AI art like the ‘RuPublicans’ is part of a long lineage of queer remixing

ANALYSIS: Viral posts of U.S. Republicans dressed in drag are fun and subversive, but issues of ownership from AI art are still a concern

“GOP stands for Glamour On Point.” These are not the words you most likely expect to hear coming from Clarence Thomas, the most conservative justice on the U.S. Supreme Court, especially in a clip where he seems to be offering his best Katy Perry impression: a pastel blue wig, knee-length dress and a bright yellow parasol in hand. Then again, this isn’t the actual Thomas.

The popular video I’m referencing was uploaded by the TikTok user Obscuriousmind, but the images of Thomas and other right-wing U.S. politicians first appeared on an Instagram account called RuPublicans at the end of March. Perhaps you’ve even seen these images, which went viral across a range of social media platforms last month. The RuPublican queens of Instagram were created by partners Craig and Stephen with the help of Midjourney—a text-to-image generator that was able to produce stunning visuals for the couple’s creative prompts. With concerns for their safety, the couple has asked media outlets not to publish their last names. According to the Advocate, the project is a means of pushing back against the latest surge of legislation from Republican lawmakers intent on restricting and even banning drag performances in a number of U.S. states, relying largely on frustrating and bizarre claims around grooming.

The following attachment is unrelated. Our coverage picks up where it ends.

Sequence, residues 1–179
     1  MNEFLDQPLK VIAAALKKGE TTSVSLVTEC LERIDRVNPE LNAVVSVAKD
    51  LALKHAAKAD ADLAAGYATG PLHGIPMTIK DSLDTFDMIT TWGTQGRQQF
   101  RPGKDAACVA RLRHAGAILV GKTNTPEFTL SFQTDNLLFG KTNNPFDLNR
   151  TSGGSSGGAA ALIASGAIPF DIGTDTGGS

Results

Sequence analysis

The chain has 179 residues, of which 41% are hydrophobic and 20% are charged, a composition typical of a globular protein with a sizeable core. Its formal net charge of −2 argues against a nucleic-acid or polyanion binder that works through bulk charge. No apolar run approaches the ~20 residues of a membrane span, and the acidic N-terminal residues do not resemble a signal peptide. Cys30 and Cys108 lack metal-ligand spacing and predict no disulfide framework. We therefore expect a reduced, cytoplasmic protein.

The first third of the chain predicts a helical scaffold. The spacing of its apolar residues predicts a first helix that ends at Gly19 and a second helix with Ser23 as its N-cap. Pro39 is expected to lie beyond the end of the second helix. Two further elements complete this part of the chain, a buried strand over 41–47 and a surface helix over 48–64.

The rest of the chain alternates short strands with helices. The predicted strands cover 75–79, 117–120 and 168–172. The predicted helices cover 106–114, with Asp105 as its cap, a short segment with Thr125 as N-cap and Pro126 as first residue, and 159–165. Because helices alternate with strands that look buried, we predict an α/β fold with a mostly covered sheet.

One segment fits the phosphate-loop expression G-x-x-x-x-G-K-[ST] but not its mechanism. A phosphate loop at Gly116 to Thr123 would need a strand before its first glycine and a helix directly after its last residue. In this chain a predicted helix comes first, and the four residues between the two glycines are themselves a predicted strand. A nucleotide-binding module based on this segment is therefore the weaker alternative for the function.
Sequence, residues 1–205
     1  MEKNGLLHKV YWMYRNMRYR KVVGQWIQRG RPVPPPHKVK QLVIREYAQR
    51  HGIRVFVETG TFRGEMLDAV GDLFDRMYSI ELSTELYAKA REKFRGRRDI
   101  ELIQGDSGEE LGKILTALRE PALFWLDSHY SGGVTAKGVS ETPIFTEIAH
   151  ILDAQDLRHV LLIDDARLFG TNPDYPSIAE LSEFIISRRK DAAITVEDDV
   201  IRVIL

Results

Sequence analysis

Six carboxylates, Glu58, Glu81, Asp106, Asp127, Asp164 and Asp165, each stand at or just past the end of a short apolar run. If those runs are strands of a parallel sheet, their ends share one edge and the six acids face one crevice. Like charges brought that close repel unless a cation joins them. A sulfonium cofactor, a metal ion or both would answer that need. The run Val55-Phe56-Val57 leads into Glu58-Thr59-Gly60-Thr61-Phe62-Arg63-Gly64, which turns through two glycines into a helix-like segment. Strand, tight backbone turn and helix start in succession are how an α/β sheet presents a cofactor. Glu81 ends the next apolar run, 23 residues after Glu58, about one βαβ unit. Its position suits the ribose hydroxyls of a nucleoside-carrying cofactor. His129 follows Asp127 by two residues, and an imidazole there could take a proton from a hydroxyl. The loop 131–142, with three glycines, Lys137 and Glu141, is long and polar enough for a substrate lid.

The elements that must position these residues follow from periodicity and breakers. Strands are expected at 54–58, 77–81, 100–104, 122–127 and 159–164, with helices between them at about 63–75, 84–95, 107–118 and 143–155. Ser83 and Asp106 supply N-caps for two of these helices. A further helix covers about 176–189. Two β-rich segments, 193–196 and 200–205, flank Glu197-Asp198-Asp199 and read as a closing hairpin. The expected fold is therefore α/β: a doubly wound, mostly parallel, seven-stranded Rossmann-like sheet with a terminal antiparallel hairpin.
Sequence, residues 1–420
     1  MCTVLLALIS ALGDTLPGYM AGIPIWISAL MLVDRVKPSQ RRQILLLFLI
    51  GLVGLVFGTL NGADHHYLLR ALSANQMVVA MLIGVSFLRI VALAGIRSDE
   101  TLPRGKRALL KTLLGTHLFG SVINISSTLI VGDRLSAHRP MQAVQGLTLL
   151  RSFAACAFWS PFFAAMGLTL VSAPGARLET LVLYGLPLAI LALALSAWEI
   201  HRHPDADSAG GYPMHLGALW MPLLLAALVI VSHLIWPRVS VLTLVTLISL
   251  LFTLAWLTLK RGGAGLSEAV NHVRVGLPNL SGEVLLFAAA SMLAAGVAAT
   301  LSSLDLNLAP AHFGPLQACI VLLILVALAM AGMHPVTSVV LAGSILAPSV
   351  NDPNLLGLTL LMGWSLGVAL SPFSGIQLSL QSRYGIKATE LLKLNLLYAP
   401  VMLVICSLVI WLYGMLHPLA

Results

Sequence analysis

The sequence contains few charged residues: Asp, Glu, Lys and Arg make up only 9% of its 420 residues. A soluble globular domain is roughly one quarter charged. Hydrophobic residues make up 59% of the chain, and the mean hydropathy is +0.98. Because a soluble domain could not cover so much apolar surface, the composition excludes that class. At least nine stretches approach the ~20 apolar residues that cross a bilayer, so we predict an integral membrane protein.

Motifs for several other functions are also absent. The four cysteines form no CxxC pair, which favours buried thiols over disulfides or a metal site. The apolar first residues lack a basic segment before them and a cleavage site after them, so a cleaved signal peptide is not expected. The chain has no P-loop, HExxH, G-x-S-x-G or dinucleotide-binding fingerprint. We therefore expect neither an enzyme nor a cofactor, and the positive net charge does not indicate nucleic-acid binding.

“We’re huge fans of drag, and we were bearing witness to the GOP’s anti-drag rhetoric and action,” Craig said in an interview with NBC News last month. “We wanted to do something about it, so we said, ‘Let’s put the GOP in drag.’” And that’s just what they’ve done. Their posts include former U.S. vice president Mike Pence as Mother Pence, the recently fired-by-Fox Tucker Carlson as a dolled-up Miss Glitzy Mothuh Tuckuh and Texas senator Ted Cruz as Cruzella Deville.

Craig and Stephen’s images received a massive wave of attention both on social media (garnering them over 250,000 Instagram followers in a little over a month) and across outlets like the Advocate, TIME and Logo, with most of this coverage focusing on the beneficial opportunities afforded by new AI programs like Midjourney, which allow users an easy point of access to bringing their own creative prompts to life. Yet, as a digital culture researcher, I’m interested in the broader contexts of these technologies. How, for example, do these posts highlight a lineage of online remixing practices? And how might reflecting on this history help to inform our current engagements with AI tools?